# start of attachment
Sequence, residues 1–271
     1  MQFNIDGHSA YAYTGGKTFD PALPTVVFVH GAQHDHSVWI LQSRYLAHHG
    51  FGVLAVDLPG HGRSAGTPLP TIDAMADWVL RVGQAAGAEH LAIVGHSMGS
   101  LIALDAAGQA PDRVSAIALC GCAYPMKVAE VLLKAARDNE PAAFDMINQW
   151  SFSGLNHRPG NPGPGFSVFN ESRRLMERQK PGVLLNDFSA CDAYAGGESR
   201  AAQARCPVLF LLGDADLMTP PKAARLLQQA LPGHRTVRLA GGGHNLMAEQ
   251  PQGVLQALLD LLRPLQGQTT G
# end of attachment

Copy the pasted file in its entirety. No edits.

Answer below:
Sequence, residues 1–271
     1  MQFNIDGHSA YAYTGGKTFD PALPTVVFVH GAQHDHSVWI LQSRYLAHHG
    51  FGVLAVDLPG HGRSAGTPLP TIDAMADWVL RVGQAAGAEH LAIVGHSMGS
   101  LIALDAAGQA PDRVSAIALC GCAYPMKVAE VLLKAARDNE PAAFDMINQW
   151  SFSGLNHRPG NPGPGFSVFN ESRRLMERQK PGVLLNDFSA CDAYAGGESR
   201  AAQARCPVLF LLGDADLMTP PKAARLLQQA LPGHRTVRLA GGGHNLMAEQ
   251  PQGVLQALLD LLRPLQGQTT G